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The Psychology of Fundraising

The Psychology of Fundraising

There is an entire psychology of selling and of getting people to buy or spend money.  Fundraising is very much about the emotional and psychological response that donors have.  Often, the difference between a donation and a “no” response is nothing more than a few small psychological events that make a potential donor look with less favour on a not-for-profit.  If you want to tap into the business of psychology, consider the following.

 The psychology of money

Most people are very emotional when it comes to cash.  We see money not as a tool for something, but as a measurement of wealth.  To part someone from their cash, you have to affect them emotionally, not intellectually.  That means rather than focusing on all the practical reasons for giving money, paint someone a picture of the suffering lack of money is causing and then emotionally show how their donation can change that.

The “me” syndrome

Donors (like any person) want to feel special.  If you can make them feel that they are being approached especially or that they can make a huge impact, they are more likely to support your cause.

 Compelling reasons

Most of us look for something that pulls at us, or that tugs at us in a personal or emotional way.  If you can offer donors something special or compelling as an experience, they are more likely to support your cause.  Consider the not-for-profit groups that raise money for world relief - they often stress the sheer number of people who suffer from hunger daily.  The very fact that these numbers are so huge (much larger than most of us can comfortably imagine) causes many people to be compelled to give money for the cause.  Compelling reasons to give create a sense of urgency.


Humans are creatures of habit.  Experts say that many of our reactions are based on the “programming” our brains received when we were a child.  For this reason, we tend to view people with suspicion, or look for certain “clues” that subconsciously tell us how to react to a person.  This is important to understand in fundraising, because this is the very process that potential donors are undergoing when they consider your not-for-profit. 

 If something seems out of place or “wrong” donors will walk away without offering support for your group.  It will simply seem safer to do so.  Congruency means that all the pieces fit into a congruent whole and look correct together.  Congruency is also an important factor in getting any sort of support (including fundraising support).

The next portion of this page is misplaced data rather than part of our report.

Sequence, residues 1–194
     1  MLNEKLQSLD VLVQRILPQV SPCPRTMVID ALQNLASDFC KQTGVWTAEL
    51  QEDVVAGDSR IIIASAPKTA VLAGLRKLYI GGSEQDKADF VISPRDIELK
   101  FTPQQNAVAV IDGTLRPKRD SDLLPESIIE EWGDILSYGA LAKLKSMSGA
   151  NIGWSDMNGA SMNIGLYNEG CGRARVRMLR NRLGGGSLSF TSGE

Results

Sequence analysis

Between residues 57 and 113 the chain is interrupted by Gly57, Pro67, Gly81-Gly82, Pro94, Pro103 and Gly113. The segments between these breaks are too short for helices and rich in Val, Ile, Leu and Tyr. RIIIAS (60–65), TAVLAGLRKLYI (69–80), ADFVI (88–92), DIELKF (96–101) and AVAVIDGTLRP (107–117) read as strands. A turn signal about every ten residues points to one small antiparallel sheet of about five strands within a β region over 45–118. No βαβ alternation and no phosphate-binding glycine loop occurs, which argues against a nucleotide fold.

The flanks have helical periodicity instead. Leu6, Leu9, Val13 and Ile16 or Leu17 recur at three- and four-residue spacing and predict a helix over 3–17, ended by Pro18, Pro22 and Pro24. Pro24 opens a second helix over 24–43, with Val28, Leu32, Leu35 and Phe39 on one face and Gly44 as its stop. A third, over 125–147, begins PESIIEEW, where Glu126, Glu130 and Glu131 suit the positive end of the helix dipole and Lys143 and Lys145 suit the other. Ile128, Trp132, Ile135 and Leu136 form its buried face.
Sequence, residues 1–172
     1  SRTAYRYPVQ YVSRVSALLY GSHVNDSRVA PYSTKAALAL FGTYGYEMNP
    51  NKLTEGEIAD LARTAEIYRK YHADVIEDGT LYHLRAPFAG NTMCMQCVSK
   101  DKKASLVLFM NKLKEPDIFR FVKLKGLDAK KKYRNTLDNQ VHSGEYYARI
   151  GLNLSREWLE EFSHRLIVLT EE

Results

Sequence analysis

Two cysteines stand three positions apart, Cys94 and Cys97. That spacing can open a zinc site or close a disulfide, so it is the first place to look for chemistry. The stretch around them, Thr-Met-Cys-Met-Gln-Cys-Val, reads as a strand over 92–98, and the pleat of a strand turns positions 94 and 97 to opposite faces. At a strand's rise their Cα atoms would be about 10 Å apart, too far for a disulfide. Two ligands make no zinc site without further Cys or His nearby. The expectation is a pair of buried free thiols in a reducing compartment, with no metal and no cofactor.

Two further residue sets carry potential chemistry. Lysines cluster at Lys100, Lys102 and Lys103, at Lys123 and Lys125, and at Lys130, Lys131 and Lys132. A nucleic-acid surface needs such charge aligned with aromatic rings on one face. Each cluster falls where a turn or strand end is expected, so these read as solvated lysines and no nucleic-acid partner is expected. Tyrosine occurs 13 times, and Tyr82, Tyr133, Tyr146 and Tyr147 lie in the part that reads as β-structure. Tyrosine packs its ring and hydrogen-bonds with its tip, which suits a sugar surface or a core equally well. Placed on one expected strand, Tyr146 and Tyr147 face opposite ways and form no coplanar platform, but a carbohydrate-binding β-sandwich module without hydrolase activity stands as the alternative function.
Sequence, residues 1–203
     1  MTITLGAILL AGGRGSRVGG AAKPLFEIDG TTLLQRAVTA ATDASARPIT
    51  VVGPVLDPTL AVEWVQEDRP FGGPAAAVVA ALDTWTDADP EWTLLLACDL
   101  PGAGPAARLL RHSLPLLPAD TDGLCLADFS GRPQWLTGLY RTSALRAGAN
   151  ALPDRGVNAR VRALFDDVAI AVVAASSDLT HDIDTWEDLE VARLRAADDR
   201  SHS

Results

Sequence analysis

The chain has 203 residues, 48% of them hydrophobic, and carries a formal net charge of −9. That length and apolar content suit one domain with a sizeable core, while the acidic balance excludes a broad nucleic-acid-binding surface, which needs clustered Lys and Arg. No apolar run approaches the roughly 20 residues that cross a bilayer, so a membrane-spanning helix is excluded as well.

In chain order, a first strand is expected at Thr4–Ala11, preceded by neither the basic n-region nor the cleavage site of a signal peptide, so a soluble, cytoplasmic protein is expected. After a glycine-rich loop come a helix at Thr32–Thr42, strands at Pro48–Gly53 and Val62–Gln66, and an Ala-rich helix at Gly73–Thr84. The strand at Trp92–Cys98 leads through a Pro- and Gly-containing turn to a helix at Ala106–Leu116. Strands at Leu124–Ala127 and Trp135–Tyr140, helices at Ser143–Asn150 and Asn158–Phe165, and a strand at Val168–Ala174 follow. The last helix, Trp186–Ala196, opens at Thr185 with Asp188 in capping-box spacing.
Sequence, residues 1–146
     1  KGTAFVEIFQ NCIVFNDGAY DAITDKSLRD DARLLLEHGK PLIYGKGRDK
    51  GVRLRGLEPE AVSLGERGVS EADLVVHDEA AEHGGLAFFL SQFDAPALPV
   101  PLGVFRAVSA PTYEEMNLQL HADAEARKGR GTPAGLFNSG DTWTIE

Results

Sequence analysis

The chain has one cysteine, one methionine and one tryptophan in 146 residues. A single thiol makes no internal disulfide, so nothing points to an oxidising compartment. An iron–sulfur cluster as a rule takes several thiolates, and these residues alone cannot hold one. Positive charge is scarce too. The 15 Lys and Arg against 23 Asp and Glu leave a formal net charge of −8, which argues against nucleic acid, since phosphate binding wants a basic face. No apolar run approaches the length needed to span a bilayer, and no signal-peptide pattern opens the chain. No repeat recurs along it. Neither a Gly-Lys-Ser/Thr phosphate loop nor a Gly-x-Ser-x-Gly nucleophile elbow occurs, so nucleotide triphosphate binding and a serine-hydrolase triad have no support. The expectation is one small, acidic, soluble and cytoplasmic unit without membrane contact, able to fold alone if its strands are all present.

Consider the politician who is denying participation in a scandal but seems nervous and unable to make eye contact.  Are you likely to believe them?  No, because the congruency is off.  You can build congruency and support for your not-for-profit by putting forward the same friendly presentation to the public.  Do all you can to assure your donors that your group is “safe” to donate funds to.

 How hard it is to say no

Potential donors who do not want to part with their time and money will generally look for reasons to say no.  If you can anticipate these reasons and counter them before the donor has time to think of them, you are more likely to get a donation.  If you can eliminate all of a donor’s reasons for saying no, then you will have a donation. 

 Some reasons that donors say “no” include:

 The belief that their money won’t really make a difference

  • The belief that a cause is not important enough
  • The belief that charity is a waste of time
  • The belief that not-for-profit groups do not use money responsibly
  • The belief that the money will never get to those who really need it
  • The belief that there is no urgency in giving money now - a contribution can be made “later”
  • The belief that money can be raised elsewhere or from someone else

 You and your group need to create compelling reasons why these beliefs are not true when it comes to your fundraising campaign and your not-for-profit group.  Then, include these reasons and ideas in your opening requests for support.